German court orders return of ancient vessel to Iraq
But the gold vase is still believed to be held in Germany pending an appeal
By Lucian Harris. Web only
Published online: 18 November 2009
A German court has upheld Iraqi claims over a miniature gold vessel that for the past three years has been at the centre of a tangled dispute involving a Munich auction house, German customs, the Iraqi embassy in Berlin, an archaeologist, and a museum of classical antiquities.
The case, which has focused attention on the sale of smuggled Iraqi artifacts in Germany, began late in 2004 when the slightly dented six-centimetre-high gold vessel was included in a sale at Munich auction house Gerhard Hirsch Nachfolger, described as being of Mediterranean origin, possibly from Troy and dated to the Roman Iron-age period (1st century AD). However, the vessel was spotted by an unnamed expert who believed that it was in fact much older and of Sumerian origin.
The Iraqi embassy in Berlin was alerted and subsequently instigated proceedings against the auction house claiming breach of legislation prohibiting the sale of antiquities smuggled out of Iraq. The vessel was confiscated by the Stuttgart Customs Investigations Office and on the basis of a court ruling was handed to Dr Michael Müeller-Karpe, an archaeologist at the Roman-Germanic Central Museum in Mainz, for expert research and identification.
Dr Müeller-Karpe, agreed that the piece was of Iraqi origin and indeed that it was a rare example of a Sumerian gold vessel, around 4,500 years old and possibly made for a child's doll house. He speculated that it was likely to have been illegally excavated from the royal cemetery at the much looted site of the ancient Sumerian capital of Ur on the Euphrates river.
The case became the particular focus of media attention earlier this year when it was reported that Dr Müeller-Karpe had refused to return the vessel to German customs officials. This was partly at the behest of the Iraqi embassy in Berlin which believed that the museum was the safest place for it to be held while the legal process played out, however, Dr Müeller-Karpe told DPA news agency that as an archaeologist who regularly carried out fieldwork in Iraq he was concerned that he could become the unwitting victim of strict Iraqi laws concerning the handling of stolen objects and face a possible prison sentence of up to five years. Reports that customs officials were preparing to seize the vessel by force proved spurious and it was eventually handed over by the museum director on 20 July.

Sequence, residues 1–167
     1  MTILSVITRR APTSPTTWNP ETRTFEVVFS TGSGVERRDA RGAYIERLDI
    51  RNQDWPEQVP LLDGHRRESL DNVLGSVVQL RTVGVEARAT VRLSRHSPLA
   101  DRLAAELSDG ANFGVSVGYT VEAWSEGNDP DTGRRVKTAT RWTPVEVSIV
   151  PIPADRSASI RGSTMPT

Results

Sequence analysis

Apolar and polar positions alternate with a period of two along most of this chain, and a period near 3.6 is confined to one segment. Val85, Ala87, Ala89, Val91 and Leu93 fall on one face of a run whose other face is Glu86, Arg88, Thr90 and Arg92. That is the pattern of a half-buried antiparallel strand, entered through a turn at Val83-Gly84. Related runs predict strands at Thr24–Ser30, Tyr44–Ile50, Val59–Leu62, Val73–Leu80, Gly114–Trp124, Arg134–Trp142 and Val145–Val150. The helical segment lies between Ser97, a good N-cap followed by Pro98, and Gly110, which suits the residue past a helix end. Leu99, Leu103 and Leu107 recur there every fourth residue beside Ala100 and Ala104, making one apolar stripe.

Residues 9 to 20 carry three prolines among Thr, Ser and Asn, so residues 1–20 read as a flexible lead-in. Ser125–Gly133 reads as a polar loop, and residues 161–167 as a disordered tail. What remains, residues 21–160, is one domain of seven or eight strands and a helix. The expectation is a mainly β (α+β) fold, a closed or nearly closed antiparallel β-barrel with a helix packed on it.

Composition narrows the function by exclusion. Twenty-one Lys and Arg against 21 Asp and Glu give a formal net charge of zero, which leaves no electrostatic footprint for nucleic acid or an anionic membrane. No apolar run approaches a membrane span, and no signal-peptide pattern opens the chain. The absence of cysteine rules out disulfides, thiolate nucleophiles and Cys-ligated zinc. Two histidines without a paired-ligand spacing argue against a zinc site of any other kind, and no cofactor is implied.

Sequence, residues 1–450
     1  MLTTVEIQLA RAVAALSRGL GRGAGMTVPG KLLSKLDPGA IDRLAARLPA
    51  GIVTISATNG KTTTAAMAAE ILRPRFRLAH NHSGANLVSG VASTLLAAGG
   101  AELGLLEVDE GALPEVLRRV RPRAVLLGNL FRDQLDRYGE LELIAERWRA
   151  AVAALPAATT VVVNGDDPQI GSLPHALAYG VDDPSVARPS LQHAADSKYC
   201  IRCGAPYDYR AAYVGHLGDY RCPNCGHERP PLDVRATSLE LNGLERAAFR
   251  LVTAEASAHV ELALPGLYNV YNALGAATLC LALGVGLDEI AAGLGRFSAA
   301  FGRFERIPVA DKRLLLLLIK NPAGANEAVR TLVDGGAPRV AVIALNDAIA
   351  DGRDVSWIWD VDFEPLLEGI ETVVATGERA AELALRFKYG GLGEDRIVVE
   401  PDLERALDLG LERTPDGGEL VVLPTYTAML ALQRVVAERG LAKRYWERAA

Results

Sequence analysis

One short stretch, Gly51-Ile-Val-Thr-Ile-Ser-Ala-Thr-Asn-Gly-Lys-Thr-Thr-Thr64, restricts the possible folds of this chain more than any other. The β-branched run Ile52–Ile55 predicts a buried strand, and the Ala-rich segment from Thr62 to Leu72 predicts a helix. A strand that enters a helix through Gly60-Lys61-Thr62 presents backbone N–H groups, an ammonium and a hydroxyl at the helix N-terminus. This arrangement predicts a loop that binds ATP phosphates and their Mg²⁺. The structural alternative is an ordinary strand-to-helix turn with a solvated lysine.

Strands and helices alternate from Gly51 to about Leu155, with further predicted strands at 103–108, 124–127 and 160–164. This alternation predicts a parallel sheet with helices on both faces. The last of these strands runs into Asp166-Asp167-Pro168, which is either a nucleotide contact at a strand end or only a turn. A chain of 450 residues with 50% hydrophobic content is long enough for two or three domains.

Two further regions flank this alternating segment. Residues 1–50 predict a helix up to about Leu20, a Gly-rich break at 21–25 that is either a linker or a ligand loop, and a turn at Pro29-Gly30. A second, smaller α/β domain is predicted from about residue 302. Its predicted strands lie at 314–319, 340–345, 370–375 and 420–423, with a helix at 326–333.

The decision of the Finanzgericht or financial court in Munich on 25 September was reached on the basis of a second expert opinion which concurred that the vessel was of Iraqi origin and it was ordered that it should be handed over to Iraqi authorities. It is believed however that the vessel remains in German hands pending an appeal by the auction house.
Dr Müeller-Karpe told The Art Newspaper that he found the actions of the auction house strange considering that it had originally valued the vessel at 1,200 Euros. "This is the equivalent of a lawyer's fee for one day, I cannot understand why they bother except that for them like us it is a matter of principle".
The case has been something of a personal mission on the part of Iraqi ambassador to Berlin Alaa Al-Hashimy, whose interest in cultural affairs stems from his background as an architect . In 2007 legislation was passed in Iraq requiring envoys in foreign countries to monitor the appearance of any Mesopotamian artifacts on the commercial market. Furthermore, this August a letter of understanding was signed between the two governments to ensure cooperation in cases where Iraqi artifacts appear on the German market. A recent report on Azzaman news agency claimed that since the court's ruling Iraqi diplomats in Germany have stopped the sale of 28 Mesopotamian artifacts believed to have been smuggled out of Iraq in the past five years.
In an interview on 7 October Mr Al-Hashimy told Berliner Zeitung that the issue of looted Mesopotamian artifacts on sale in Germany has become of particular concern for Iraq:
"Unfortunately, we have information that make it clear that Germany has become a hub for the illegal international art market and the authorities have not yet done enough to prevent it" he said. "The legal situation in Germany is very unfortunate for us. The burden of proof is too high, especially for objects stolen by grave robbers" he said. "Even an expert opinion with a probability of provenance of 95 percent isn't enough for the courts. Only previously catalogued objects such as those looted from the National Museum in Baghdad can be easily determined to be stolen".
Dr Müeller-Karpe concurs with this opinion. I have the impression that other countries have done more than Germany —particularly in relation to Iraq. Until now Germany has returned just one item. This is the bronze axe of the Sumerian king Shulgi which the German foreign minister Frank-Walter Steinmeier personally delivered to Baghdad in February of this year. The Cologne art dealer who was found in possession of the axe was not prosecuted due to lack of evidence.
However Müeller-Karpe believes that the ruling over the miniature gold vessel may have important ramifications. "If it prevails it could have a tremendous effect on this market. It is not so much the law but how the law is enforced. Stolen items cannot be sold, but you need a lawyer or a judge who takes action and the problem is that no-one has taken a pro-active approach. Of course you could ask why? Laws in Afghanistan or Iran are not much different from Iraq."
"As long as buyers don't care where these things come from they are encouraging looting to continue. In Germany you are punished if you buy a stolen car radio, but if you buy a stolen cylinder seal, or clay tablet, you are not."
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